FLOWERY BRANCH – The first time Ray Edwards made big news as a Falcon came when the team announced he would not play in the team’s first exhibition game because of what coach Mike Smith somewhat comically referred to as “a minor procedure.”
That “minor procedure” turned out to be slightly worse than an ear-wax removal. It was knee surgery – disclosed to the public two weeks after the Falcons’ signed him as a free agent. The injury limited Edwards in offseason workouts. It kept him sidelined for the first two preseason games. Most importantly, it generally rendered him as a nothing-special player in a season when he was supposed to be a something-special difference-maker for a team trying to win a playoff game.
“Yeah, it bothered me, because I know how hard I train and how hard I play, and I was not getting the numbers I wanted to get,” Edwards said Tuesday.
We can debate whether the Falcons should have thought twice about pursuing a player they knew had knee surgery – the specifics of which Edwards still won’t get into – and whether they were fully aware of how long this rehabilitation process might take. Even Edwards acknowledges, “As far as exploding off of it, I’m still not 100 percent. I don’t think I will be until [the offseason] when I go back to Minnesota to train and get back my strength in my legs that was lost in the surgery.”
But 14 games into the season, the Falcons are staring to get something out of their investment. Edwards has been in on two sacks in the last two games against Carolina and Jacksonville. That coincides with when he started to feel stronger. “I feel like I’m getting my legs back underneath me,” he said.
December is a good time for an NFL defense to get a boost. If the Falcons’ pass rush continues to improve, it makes their chance for success against New Orleans on Monday night and later in the playoffs significantly better. An effective Edwards and John Abraham up front, along with a rising Sean Weatherspoon and a healthy Brent Grimes, give this defense play-making potential that it has lacked.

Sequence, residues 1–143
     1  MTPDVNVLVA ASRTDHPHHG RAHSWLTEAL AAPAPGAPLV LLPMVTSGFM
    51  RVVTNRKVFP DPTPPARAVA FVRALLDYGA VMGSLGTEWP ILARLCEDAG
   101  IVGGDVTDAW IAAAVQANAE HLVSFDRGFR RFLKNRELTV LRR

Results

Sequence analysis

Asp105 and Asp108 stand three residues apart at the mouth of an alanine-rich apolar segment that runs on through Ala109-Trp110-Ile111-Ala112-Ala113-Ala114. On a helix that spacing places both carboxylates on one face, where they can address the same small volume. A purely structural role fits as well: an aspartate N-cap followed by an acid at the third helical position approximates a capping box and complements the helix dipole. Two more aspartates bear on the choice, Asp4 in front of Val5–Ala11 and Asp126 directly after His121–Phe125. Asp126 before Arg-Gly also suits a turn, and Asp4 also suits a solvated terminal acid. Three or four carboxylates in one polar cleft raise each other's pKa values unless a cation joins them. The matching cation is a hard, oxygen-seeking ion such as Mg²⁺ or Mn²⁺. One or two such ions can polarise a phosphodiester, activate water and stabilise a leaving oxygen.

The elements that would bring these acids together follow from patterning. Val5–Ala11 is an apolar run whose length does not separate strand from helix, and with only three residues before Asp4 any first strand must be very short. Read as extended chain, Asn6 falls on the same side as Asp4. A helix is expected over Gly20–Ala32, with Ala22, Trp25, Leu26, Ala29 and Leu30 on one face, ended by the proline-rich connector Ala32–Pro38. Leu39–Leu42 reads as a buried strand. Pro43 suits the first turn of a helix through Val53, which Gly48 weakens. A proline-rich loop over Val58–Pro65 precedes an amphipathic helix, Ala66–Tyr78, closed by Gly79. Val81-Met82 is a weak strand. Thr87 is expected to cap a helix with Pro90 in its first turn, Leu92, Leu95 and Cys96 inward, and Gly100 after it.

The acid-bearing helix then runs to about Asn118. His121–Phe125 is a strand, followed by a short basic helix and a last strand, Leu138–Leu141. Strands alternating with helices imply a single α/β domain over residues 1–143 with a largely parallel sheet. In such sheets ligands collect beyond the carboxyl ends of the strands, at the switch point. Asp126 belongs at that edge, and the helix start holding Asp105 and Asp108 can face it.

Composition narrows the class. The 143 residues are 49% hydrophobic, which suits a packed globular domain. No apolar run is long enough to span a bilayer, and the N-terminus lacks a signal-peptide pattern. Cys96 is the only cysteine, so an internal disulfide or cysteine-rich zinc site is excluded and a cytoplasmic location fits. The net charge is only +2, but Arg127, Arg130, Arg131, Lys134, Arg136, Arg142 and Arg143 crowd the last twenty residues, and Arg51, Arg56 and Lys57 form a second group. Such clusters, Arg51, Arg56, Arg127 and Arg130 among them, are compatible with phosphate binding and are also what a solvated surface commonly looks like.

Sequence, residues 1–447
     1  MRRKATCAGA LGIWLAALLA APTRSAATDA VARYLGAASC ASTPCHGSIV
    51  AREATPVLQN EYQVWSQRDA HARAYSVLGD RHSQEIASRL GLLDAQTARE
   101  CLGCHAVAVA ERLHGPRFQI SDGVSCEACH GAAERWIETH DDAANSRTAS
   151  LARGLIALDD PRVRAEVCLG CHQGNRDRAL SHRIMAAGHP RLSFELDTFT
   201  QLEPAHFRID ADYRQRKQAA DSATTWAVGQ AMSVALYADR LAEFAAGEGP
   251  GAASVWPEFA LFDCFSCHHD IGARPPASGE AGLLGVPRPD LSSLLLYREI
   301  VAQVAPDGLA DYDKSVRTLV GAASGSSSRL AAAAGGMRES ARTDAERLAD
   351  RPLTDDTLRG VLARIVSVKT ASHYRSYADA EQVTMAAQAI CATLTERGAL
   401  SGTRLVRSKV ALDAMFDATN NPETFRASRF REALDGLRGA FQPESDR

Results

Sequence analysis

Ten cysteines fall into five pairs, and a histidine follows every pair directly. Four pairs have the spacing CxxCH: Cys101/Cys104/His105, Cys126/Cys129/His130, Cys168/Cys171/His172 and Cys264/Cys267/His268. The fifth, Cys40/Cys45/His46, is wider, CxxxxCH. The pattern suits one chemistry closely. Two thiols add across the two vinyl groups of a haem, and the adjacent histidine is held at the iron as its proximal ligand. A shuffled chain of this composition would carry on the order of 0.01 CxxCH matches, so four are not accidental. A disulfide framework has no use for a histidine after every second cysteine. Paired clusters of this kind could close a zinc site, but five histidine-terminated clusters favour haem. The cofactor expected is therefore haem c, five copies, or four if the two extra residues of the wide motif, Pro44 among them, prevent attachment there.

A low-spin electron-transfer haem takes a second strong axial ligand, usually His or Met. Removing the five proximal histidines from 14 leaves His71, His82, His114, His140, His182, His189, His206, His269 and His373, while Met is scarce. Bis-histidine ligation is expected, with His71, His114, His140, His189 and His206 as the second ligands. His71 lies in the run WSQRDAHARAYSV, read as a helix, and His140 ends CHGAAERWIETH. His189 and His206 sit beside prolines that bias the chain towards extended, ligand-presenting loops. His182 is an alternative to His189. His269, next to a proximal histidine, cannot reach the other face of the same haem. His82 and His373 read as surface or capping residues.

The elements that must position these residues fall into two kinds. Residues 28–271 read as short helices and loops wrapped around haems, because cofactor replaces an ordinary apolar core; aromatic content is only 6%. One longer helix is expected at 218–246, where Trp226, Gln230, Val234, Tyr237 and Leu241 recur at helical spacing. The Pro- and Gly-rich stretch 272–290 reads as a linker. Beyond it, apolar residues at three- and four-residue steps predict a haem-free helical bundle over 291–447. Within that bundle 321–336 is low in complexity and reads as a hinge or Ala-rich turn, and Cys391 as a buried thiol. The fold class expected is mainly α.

Now, Edwards (and coaches) will tell you that he has been effective against the run all season. (Quoting: “I don’t think anybody at my position is as good at stopping the run as me.”)
But when a team signs a player to a $30 million free agent contract, there’s an expectation that you won’t have to go looking for him. He’s supposed to be a 100-watt bulb, not a tea light.
Edwards has 3½ sacks, 5 “quarterback hits” and 5½ “hurries” this season. Last year in Minnesota, he had 8 sacks, 13½ knockdowns and 14½ hurries.
When asked about the criticism, Edwards laughed. “Y’all are very cut-throat,” he said. “But I’m not worried about it. You don’t pay my bills or cause me any grief or unhappiness. It is what it is. That’s your job.”
If we haven’t seen the Edwards that had 16½ sacks the last two years in Minnesota, there are two good reasons: 1) The knee injury, which he said came from “the usual wear and tear.” (He denied it had anything to do with his boxing exhibition during the lockout); 2) His transition to the Falcons’ scheme, which he termed “totally different” from the Vikings’.
Edwards rarely missed a defensive snap in Minnesota. He is used in a three-man, defensive-end rotation with the Falcons. The Vikings’ defensive scheme, he said, was more “straight forward.” The Falcons tend to use more stunts up front.
Abraham said, “Everyone’s still learning how to play with each other.”
He also referenced the after-effects of a knee injury, as did linebacker Mike Peterson. “I could just tell from being around ballplayers and watching him that he wasn’t 100 percent,” Peterson said. “He was hurt. He’d make one play, but then he’d favor the knee. But you can see he’s getting better.”
It follows that the Falcons’ defense is getting better. In December, that means something.
By Jeff Schultz